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Co-curated by Serious for EFG London Jazz Festival and Kings Place for Luminate, we welcome Japanese folk singer-songwriter Ichiko Aoba for a very special gig in Hall Two.
Aoba has nestled beneath the radar in the West, but six albums in, she has connected with audiences for her often English-language and dream-inspired Windswept Adan. Her songs are directly informed by her dreams, and 2018’s qp was recorded in near darkness.
A rising star in Japan, her music soundtracks Zelda for Nintendo Switch as well as multiple popular theatrical productions.
Aoba says: ‘I started writing the plot for Windswept Adan before the music. … set in the remote reaches of the ocean south of Japan, on a pair of fictional islands inhabited by a tribe of inbred families. . . . A young girl from the tribe is sent to Adan by her grandmother in the hope of preserving their bloodline while escaping the cycle of intermarriage. . . . The island has no words, but instead, the inhabitants exchanged shells. The story plot began from, “there were no words on that island.”’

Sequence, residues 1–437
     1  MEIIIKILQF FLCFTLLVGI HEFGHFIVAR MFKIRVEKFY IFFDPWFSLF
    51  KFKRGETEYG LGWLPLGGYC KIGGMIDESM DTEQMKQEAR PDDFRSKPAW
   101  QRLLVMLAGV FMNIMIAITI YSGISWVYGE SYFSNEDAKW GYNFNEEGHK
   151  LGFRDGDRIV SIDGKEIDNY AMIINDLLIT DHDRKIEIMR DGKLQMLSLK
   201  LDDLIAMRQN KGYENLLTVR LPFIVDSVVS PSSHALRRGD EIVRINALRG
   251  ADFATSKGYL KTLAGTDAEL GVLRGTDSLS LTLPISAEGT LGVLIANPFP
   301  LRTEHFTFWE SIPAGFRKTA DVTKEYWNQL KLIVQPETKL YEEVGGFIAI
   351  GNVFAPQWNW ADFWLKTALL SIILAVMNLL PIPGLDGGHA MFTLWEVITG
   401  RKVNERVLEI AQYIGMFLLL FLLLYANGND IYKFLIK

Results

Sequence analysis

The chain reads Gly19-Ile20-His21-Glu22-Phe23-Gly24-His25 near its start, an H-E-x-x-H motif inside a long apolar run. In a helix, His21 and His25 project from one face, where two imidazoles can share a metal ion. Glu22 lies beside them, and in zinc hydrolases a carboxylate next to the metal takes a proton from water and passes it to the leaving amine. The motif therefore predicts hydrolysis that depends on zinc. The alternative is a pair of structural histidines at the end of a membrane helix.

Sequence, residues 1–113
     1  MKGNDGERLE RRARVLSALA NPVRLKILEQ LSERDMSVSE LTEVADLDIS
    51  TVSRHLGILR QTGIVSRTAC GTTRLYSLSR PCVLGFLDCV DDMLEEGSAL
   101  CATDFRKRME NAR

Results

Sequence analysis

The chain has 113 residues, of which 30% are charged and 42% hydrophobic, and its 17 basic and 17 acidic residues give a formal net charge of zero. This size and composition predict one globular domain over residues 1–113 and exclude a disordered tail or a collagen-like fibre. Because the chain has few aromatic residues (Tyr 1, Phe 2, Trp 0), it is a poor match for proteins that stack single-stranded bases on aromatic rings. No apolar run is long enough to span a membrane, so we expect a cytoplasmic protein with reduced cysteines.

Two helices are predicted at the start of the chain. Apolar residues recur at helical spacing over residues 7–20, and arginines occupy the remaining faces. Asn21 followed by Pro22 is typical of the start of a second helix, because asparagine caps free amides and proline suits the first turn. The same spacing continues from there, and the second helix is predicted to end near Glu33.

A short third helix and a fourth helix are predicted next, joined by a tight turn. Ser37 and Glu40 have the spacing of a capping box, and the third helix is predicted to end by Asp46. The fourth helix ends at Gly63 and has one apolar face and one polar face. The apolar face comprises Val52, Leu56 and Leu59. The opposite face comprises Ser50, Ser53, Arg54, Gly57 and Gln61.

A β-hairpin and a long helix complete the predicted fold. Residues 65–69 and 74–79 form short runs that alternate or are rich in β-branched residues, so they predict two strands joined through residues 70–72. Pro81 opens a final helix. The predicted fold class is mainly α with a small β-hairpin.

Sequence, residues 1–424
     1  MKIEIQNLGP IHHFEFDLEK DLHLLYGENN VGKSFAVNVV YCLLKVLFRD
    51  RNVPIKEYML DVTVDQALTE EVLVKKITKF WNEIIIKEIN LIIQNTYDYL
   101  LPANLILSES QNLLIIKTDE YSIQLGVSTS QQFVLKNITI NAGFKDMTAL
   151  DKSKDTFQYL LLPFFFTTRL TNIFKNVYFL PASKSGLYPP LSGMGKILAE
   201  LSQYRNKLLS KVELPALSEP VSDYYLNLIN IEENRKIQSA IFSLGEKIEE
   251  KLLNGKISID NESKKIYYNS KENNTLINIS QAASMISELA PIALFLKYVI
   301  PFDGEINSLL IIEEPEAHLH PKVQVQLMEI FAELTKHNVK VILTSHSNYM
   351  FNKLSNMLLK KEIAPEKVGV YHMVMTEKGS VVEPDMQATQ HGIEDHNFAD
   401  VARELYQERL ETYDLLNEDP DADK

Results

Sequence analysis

There’s a lot to the minimal ambient acoustic explorations; varied instrumentation all played, produced, and released on the artist’s own label, Hermine, mentoring and collaboration with Cornelius among others who once told Red Bull Music Academy that she was ‘really at the forefront of her generation’
Aoba has developed an intentionality and purposefulness which belies her output; a universality hinting at impressionism and jazz because she plays and sings different moods, a surreal yet simple sound – storytelling informed by time spent outside of her body, as well as Studio Ghibli & Disney.
Hear Ichiko Aoba’s latest release, ‘Asleep Among Endives’ (2021)
Watch an excerpt from Ichiko Aoba’s post-lockdown live performance at Ginza Sony Park (Sep 2020), lauded by Bandcamp’s Brenda Mattox as ‘one of the most mesmerizing virtual performances that came out of lockdown last summer’ during which she delivered ‘ethereally psychedelic folk dressed in moss-like wings, surrounded by plants in a dimly lit studio’.